The motivator for this is having a way of visualising data in J. The plot package is what I would usually use, but the plot package seems to be incompatible with the i3 window manager in linux. In JQt when I try to plot something the plot window seems to be generated and then immediately vanishes. I have not been able to work out why. At least in gnuplot the window is generated and stays in place until dismissed. Using, gnuplot, although more work, also generates better-looking plots.

My particular interest is in loading, processing and plotting data files. These are usually in tab-delimited or in comma-delimited form, so let’s make an example file using the following data that gnuplot can easily read.

For this example we will look at comparing two models for the drag on a spherical object travelling at supersonic speed, such as a meteor. If you want to know more about drag on objects travelling at high speed you might want to look at this paper. The drag on a sphere is usually characterised in terms of a non-dimensional quantity known as the drag coefficient, which is the quantity we have tabulated in our data file. The definition of the drag coefficient is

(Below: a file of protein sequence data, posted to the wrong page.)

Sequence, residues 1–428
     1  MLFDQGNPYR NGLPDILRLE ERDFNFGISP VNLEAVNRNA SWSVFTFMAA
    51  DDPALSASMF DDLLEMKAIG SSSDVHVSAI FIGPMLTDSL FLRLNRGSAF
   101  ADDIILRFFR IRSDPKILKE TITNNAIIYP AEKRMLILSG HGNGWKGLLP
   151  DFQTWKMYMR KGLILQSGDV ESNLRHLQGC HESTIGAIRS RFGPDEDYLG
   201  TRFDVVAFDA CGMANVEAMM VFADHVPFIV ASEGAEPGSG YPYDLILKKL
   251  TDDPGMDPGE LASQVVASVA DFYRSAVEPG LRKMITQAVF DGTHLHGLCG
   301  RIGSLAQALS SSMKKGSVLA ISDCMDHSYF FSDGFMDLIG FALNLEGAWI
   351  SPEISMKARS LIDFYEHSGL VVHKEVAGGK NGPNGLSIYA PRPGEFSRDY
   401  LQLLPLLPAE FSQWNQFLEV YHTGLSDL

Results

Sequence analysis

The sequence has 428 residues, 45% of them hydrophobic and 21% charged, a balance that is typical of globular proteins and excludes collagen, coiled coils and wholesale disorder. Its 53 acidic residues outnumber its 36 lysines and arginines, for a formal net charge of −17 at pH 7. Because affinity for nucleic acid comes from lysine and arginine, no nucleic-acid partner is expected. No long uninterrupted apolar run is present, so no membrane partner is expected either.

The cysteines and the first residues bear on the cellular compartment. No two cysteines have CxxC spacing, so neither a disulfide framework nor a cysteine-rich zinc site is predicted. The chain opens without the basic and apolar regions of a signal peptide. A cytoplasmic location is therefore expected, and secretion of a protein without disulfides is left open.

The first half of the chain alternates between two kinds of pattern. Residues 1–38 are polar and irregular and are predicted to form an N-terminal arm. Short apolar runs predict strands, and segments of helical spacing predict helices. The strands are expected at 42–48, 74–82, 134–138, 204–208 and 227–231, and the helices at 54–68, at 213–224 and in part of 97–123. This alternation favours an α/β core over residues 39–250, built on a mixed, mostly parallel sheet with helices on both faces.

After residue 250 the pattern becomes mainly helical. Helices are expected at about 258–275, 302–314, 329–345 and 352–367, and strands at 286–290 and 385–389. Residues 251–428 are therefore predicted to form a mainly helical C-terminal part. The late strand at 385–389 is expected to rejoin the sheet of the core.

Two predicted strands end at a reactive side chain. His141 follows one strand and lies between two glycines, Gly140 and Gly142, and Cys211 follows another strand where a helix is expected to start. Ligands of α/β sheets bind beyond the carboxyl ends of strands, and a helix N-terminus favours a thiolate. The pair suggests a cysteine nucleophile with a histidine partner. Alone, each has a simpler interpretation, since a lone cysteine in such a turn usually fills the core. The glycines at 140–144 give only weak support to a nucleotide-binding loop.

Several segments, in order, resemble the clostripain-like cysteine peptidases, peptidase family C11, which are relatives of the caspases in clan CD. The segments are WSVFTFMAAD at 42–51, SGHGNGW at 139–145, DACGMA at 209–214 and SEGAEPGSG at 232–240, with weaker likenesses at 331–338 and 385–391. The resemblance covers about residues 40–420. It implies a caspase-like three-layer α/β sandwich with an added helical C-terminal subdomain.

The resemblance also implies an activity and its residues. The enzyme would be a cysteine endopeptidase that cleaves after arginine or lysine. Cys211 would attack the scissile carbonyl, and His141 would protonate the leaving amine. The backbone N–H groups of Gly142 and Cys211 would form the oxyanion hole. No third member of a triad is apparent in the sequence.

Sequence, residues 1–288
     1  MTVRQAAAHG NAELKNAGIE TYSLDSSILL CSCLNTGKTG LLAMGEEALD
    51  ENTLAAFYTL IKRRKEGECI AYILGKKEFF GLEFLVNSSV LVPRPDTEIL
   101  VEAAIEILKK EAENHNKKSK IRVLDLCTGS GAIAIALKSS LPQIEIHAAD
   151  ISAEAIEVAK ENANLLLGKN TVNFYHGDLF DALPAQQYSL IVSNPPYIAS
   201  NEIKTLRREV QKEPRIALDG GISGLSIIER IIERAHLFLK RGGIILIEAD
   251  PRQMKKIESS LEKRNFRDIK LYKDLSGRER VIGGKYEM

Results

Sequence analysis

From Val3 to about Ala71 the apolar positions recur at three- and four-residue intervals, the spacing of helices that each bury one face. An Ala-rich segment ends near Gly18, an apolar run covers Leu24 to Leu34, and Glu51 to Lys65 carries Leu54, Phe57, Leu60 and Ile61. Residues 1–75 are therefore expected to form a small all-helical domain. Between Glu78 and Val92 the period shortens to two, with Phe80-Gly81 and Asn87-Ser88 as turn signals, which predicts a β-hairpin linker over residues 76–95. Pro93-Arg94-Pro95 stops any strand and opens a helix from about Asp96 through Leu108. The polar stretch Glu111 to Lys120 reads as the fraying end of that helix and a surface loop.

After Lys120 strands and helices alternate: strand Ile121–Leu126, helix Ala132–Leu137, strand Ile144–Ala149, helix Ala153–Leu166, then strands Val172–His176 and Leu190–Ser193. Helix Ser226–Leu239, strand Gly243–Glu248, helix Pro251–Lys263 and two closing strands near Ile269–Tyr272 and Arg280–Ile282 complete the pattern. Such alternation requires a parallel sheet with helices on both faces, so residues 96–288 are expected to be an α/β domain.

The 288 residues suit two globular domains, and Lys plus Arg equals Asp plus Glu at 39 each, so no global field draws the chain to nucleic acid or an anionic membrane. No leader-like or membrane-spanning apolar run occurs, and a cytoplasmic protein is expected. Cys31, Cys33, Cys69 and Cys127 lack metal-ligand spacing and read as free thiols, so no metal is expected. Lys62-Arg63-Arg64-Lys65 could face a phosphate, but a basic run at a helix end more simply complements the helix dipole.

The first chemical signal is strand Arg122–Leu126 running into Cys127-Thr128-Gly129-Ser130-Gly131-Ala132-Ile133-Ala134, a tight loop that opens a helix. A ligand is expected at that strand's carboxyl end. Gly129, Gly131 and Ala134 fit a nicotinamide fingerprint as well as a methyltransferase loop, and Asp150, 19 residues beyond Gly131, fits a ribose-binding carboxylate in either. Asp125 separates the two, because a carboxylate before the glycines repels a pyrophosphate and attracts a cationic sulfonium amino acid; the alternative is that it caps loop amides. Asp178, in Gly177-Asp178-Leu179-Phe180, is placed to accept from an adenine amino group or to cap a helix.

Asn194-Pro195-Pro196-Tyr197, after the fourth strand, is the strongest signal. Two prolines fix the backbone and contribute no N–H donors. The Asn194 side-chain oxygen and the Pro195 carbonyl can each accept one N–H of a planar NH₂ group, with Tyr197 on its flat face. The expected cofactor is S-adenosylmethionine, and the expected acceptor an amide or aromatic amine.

C_D = \frac{D}{0.5 \pi \rho u^2 r^2}

where \(C_D\) indicates the drag coefficient, \(\rho\) is the gas density, \(u\) is the gas velocity and \(r\) is the diameter of the sphere.

This data is saved in the comma-delimited text file ‘DragDataSpheres.csv’. The first column contains the Mach number of the flow, and the second column contains the drag coefficient.

0.22703679008802968, 0.4754504865676933
0.4289222926495784, 0.5029886144003781
0.612450731328545, 0.52777191664627
0.8164462412329196, 0.693557725580885
0.8726990369926486, 0.779240903758345
0.984149624840694, 0.8814834195623001
1.1685642666036478, 0.9643307478710026
1.4622350885781084, 1.0056430036376527
1.7918182355274597, 0.9999307917591553
2.084687254711646, 0.9887089287070719
2.651941628756867, 0.9552155161499962
2.890034857321303, 0.9550838516918039
3.0728458935037084, 0.9328629423630395
3.201345340681785, 0.9521467214705908
3.347653249833309, 0.9382409290784333
3.494045559278546, 0.9298650439303529
3.6039347416929006, 0.9298042757188796
3.7687685153144335, 0.9297131234016695
3.842365571432188, 0.951792240236996
3.97018981626056, 0.9268367613919297
4.097971860942075, 0.8991163289248247
4.372905817712245, 0.9127891765063343
4.83077741110539, 0.9125359756251952
5.05042917549353, 0.9041195783361327
5.251766076145945, 0.8957133090823157
5.892955107483774, 0.9064186423368754
6.5339753382341765, 0.9060641611032807
6.9369445405670005, 0.908606297949917
7.339913742899824, 0.9111484347965532
7.852476726619007, 0.8942751280774458
8.786872378315877, 0.9158782272562309
9.556138855363217, 0.918217803397956